However, now the Syrian civil war has occurred, that idea has got some traction and I know a lot of people in the Sunni world who are completely against the Iranians and Shiism and so on. So what I’m trying to say is that that’s only possible because of the groundwork that has been done over several years, even decades, of vilifying the Iranians. But it’s only when the Syrian civil war comes along, that actually people seem to see that as relevant to them and then it becomes a factor.
BKS: Moving on a little bit to, you mentioned earlier the US’ strategy shifting in the Middle East. It’s probably a question you get asked a lot, but what do you think is going to happen now with the Trump administration, which doesn’t really seem to have a Syria policy?
CP: And that’s the problem. It’s literally just trying to work out what the Trump administration wants to do in any regard. let alone specifically Syria or the Middle East, which is very difficult. We’ve been getting a sense of a few things coming out; two things that have been said so far are of relevance. One is the anti-ISIS campaign. We’re seeing Mattis propose upping the anti-ISIS campaign. Although it does look like it will be a continuation of what Obama did plus something, which might involve more special forces, it might involve arming Syria’s Kurds against ISIS. But there’s clearly a commitment by Trump as an individual to increase the anti-ISIS campaign, build on his promise to eradicate ISIS. That would suggest incidentally that we won’t see a major departure from what we saw under Obama. We won’t see any wading into the Syrian civil war proper and attempting to take on Asad or anything like that. That’s entirely unlikely.
The other thing that we’ve seen from Trump thus far is a suggestion of safe zones for refugees, which again has been put forward as an idea. i think that that as an idea ironically comes more from his anti-immigration, anti-refugee approach than it does from any kind of humanitarian issue. It’s more about keeping the refugees out in Syria rather than providing security and safety for them. But again, what we’ll probably see with that is the same difficulties that the Obama administration found when it flirted the idea of doing this sort of thing, which is that logistically, with the Russians over the airspace in Syria, it’s very difficult to create any kind of no-fly zone, any kind of no-bomb zone, without Russian agreement, So if it does happen, it must be seen as an agreement or as part of an embracing-Russia strategy, rather than as any kind of stepping-up by the Trump administration against Asad or against Russia.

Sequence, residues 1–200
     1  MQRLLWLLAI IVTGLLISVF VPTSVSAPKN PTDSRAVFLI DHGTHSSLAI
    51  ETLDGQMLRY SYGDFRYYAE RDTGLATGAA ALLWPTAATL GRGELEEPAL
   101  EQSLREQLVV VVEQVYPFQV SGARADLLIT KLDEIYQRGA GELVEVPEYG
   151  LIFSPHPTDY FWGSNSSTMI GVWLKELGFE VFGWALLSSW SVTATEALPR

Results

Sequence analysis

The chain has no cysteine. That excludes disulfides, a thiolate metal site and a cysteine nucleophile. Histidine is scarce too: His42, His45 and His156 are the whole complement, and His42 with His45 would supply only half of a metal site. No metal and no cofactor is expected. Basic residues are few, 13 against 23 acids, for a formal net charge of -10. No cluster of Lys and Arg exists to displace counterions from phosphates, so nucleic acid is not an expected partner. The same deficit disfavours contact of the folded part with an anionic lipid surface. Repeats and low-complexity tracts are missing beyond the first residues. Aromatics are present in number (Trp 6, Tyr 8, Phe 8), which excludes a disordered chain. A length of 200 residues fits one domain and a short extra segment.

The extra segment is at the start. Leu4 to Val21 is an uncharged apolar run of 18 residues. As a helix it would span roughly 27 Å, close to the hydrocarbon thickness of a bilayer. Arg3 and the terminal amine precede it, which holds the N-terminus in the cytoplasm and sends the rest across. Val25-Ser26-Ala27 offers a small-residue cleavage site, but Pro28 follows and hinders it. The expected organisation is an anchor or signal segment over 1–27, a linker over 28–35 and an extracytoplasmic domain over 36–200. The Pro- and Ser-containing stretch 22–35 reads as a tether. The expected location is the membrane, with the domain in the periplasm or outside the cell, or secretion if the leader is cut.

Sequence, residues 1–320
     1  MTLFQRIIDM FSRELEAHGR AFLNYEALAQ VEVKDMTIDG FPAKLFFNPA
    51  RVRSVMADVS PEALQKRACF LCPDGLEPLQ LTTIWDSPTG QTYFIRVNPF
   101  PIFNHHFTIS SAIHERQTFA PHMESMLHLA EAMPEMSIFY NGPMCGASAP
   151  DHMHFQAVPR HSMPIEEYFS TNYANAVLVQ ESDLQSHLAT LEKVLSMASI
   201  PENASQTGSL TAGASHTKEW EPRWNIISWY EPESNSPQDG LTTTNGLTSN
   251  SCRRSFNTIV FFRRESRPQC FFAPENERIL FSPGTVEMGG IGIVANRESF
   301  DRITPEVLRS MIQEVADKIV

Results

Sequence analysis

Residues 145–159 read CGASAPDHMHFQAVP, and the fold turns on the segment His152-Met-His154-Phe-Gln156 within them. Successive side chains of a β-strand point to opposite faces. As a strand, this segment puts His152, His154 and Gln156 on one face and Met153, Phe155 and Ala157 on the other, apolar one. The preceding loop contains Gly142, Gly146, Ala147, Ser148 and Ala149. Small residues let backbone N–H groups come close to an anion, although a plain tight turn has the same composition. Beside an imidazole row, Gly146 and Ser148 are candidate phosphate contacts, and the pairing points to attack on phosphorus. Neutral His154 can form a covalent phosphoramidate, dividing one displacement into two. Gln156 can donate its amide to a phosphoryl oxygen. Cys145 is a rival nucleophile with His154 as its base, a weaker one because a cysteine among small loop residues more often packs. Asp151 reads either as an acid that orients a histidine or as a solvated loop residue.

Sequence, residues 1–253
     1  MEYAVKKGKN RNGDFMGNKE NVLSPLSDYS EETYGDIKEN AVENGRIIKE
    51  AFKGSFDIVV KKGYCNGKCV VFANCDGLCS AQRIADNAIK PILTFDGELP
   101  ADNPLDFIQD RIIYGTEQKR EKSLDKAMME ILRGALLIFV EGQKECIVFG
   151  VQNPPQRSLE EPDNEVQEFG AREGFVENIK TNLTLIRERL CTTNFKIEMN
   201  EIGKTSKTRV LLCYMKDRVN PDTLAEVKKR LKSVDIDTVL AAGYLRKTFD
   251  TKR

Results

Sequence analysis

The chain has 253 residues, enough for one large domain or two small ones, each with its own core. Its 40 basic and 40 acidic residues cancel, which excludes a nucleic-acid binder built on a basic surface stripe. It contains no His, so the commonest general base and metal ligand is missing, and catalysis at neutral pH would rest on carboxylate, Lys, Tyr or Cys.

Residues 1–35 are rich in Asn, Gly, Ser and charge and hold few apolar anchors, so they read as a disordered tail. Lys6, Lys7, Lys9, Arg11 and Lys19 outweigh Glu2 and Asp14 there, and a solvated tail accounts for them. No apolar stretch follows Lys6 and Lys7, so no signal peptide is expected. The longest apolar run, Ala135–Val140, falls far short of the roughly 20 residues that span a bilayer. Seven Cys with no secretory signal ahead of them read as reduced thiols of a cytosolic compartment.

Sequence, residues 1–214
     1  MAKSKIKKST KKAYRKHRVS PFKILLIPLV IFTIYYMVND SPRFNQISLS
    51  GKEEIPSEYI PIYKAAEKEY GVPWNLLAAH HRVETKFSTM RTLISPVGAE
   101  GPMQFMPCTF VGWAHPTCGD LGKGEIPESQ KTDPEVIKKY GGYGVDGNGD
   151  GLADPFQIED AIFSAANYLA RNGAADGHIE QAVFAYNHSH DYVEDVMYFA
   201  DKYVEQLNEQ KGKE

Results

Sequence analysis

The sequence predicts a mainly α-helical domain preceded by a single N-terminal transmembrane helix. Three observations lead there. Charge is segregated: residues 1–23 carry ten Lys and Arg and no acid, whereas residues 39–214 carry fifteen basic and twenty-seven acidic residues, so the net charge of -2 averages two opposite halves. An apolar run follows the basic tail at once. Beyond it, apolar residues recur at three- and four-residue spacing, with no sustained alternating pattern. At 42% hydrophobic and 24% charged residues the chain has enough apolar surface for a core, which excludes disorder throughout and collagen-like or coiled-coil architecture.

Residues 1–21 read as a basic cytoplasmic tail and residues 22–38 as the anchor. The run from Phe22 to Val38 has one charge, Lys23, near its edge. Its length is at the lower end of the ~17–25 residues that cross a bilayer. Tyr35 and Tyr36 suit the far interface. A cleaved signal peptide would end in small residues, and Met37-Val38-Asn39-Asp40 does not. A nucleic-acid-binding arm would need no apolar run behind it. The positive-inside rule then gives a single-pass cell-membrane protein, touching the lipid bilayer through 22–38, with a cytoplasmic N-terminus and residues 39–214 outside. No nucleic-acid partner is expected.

BKS: Lastly, with this conflict, since 2011, it’s always been, “Okay this conflict is going to last another year, another 3 years, another 4 years.” How do you see this conflict playing out in the long term and what would be the prerequisites for any kind of end to it?